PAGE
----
For this work the visual anatomy of the artist’s brain is used to influence the behavior and learning of a drone. Computer code links this visual information, including the number, placement, and thickness of neurological connections in Ms. Haines’s brain, to the movement and decision-making of the drone
Twenty-five provocative artworks that explore the scientific, symbolic and strange nature of blood.
Conducted and presented as a scientific experiment TNM challenges the participants to consider the outrageous proposition of algorithmic prejudice. The responses range from fear and outrage to laughter and ridicule, and finally to the alarming realization that we are set on a path towards wide systemic prejudice ironically initiated by its victim, Turing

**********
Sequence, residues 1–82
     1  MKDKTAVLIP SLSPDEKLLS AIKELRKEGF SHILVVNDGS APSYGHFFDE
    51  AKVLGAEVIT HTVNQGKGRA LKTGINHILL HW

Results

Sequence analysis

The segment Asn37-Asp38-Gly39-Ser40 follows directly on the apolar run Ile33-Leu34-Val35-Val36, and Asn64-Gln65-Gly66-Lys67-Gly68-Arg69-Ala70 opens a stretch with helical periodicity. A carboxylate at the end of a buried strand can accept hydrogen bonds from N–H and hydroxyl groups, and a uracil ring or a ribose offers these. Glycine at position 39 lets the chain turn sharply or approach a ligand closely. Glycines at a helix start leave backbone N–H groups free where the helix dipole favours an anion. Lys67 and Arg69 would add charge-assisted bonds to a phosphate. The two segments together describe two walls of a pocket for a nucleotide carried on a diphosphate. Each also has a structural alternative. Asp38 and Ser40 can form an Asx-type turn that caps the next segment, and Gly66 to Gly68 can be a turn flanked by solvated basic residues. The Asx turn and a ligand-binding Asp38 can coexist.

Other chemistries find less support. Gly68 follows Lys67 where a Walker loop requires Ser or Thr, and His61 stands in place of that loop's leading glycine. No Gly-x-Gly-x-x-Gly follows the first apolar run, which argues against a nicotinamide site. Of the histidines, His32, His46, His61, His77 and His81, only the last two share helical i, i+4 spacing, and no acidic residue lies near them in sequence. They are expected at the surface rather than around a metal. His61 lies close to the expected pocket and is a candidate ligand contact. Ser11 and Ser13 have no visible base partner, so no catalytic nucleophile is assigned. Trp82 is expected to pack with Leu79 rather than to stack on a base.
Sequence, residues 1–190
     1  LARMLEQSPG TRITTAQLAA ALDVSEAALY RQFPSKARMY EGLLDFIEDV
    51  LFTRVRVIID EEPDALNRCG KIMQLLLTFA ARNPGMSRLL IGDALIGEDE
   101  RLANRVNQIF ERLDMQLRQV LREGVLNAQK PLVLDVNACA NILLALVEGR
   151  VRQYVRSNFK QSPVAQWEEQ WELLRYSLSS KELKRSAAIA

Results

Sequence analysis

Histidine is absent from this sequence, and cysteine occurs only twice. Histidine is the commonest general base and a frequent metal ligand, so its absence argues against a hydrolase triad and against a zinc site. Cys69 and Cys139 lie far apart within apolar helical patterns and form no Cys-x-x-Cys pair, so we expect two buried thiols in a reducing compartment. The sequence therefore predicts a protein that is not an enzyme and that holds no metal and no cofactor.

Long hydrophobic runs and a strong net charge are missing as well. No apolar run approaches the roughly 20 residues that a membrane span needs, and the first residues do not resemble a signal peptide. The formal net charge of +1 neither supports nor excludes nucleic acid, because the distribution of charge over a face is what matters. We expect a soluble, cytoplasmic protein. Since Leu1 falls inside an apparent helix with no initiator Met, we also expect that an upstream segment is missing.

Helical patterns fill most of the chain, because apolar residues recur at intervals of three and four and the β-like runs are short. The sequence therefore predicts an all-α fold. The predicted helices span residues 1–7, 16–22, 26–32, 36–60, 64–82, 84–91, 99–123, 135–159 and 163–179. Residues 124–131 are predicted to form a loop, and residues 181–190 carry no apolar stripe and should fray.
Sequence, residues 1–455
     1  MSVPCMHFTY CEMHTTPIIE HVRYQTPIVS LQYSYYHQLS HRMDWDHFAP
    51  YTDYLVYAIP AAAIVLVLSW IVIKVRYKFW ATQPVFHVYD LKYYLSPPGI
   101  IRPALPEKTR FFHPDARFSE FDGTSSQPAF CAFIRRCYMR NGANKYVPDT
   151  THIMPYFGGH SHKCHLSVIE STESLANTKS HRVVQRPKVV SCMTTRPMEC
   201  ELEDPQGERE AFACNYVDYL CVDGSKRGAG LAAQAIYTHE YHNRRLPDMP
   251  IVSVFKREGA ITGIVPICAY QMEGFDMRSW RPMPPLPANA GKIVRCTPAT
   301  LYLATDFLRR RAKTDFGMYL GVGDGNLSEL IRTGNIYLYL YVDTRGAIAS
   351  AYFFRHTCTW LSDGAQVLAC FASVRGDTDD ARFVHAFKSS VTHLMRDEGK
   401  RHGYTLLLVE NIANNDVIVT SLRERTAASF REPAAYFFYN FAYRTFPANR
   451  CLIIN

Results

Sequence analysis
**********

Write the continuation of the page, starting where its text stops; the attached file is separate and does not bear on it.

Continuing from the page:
It might appear that London doesn’t spare much thought for art & technology. The capital doesn’t host any institution specifically dedicated to art & technology, like FACT in Liverpool. Nor does it have a media art festival with an international reputation such as FutureEverything in Manchester, or the AV Festival in the North East of England.
But look closer, and you’ll realize that there’s no reason to despair…
The Urban Immune System Research, one of the 4 Making Future Work commissions, investigates parallel futures in the emergence of the ‘smart-city’. During their research, the Institute has produced a series of speculative prototypes that combine digital technology and biometrics: one of the devices ‘functions as a social sixth sense’, a second one is a backpack mounted with 4 megaphones that shouts out geo-located tweets as you walk around, a third one attempts to make its wearer get a sense of what might it feel like to walk through a ‘data cloud’ or a ‘data meadow’